He valued the ensemble. And he made the dances about the music. So there was this critical response, in certain quarters, that he was heir to the Balanchine spirit. Today, he works in lean, clean lines, and his dancers -- at first a motley, even an ungainly bunch -- are almost regulation-issue. The asses are smaller now.

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He's the acceptable enfant terrible. His one-bedroom apartment of lavender and mint green is in a beige, nondescript postwar building in a neighborhood that's not quite Murray Hill and not quite Kip's Bay. You or I could live there. Many hardworking New Yorkers could. When he greets me at the door, I tell him this.

Mark Morris (choreographer)

Actually, I shout it -- Bach is playing on the stereo, and Morris is whistling, with equal vigor, right along. He turns down the volume.

When he speaks, it's hard to take your eyes off him. At the moment, he's discussing his favorite film images of choreographers. The line about him going to the choreographer's ball -- that's like the funniest thing in the world. I wish there were one. It's offensive to queers; it's hackneyed. Though the French movie was good. In the dance world, Morris is known for a personality as charged as his choregraphy.

Mark Morris

He speaks quickly, smokes copiously, and observes the world with cruel precision. He also has a limitless tolerance for caffeine. Has Morris learned anything about making people happy over the years? That's what I've learned. It can't be done.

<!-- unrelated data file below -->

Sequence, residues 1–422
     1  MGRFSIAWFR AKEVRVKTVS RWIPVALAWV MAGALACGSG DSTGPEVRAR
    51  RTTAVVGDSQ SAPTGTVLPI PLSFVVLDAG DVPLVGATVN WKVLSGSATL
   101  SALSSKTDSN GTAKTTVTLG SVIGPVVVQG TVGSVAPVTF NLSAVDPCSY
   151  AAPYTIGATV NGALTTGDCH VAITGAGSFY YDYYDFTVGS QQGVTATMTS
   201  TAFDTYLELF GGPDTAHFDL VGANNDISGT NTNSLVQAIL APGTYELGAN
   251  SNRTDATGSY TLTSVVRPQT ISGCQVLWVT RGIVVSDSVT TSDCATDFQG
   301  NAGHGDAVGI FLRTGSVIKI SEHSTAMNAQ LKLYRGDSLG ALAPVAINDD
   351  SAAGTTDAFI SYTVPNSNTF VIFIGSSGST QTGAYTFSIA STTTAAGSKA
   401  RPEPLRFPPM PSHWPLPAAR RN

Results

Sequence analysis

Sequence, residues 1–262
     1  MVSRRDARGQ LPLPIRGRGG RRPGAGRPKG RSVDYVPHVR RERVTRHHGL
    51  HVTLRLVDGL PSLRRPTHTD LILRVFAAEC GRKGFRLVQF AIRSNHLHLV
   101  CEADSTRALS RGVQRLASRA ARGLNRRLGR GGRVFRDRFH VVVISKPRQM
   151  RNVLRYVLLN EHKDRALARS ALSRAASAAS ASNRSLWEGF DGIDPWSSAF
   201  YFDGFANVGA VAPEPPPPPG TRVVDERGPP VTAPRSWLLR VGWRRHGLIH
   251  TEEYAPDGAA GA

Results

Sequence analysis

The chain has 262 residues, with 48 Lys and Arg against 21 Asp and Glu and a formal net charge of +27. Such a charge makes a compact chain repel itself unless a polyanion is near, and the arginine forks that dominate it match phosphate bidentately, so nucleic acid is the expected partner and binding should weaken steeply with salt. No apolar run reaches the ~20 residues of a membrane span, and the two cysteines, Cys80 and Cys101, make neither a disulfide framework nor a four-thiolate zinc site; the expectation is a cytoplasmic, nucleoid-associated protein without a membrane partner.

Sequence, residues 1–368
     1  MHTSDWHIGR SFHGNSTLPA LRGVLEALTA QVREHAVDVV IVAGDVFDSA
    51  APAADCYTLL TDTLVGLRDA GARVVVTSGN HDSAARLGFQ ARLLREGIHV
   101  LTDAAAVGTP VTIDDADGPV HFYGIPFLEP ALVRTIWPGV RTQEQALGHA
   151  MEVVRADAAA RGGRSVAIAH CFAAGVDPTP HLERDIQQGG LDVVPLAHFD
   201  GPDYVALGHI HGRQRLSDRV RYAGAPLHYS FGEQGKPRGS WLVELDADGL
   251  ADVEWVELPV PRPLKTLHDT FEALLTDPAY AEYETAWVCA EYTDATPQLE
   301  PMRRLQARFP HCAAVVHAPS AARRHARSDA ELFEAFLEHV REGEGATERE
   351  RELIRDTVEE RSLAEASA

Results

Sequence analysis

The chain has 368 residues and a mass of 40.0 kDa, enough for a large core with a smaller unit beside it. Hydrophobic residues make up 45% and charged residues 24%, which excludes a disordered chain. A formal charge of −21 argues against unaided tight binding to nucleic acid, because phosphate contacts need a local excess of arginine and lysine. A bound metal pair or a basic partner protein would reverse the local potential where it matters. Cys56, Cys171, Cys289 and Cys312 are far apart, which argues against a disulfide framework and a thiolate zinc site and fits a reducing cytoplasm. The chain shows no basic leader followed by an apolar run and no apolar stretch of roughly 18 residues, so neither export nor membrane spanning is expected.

• The two lead dancers have landed, with perfect panache, on their colleagues' backs;
  • His body was heavier than the typical dancer, more like that of an average person, yet his technical and expressive abilities outstripped those of most of his contemporaries.

And though I don't mean to be particularly vicious, I know I can be. So if you can't handle that, you probably shouldn't really be in my company. Because he does exactly as he pleases with no consideration for anybody or anything. And if it makes you happy, then you can be his friend. And if it doesn't, you can't.

Dance seemed to be printed in his chromosomes; in her great book, Mark Morris, Joan Acocella conjures an unforgettable image of him jamming his tiny young feet into plastic cups so that he could dance, like his sister, on pointe.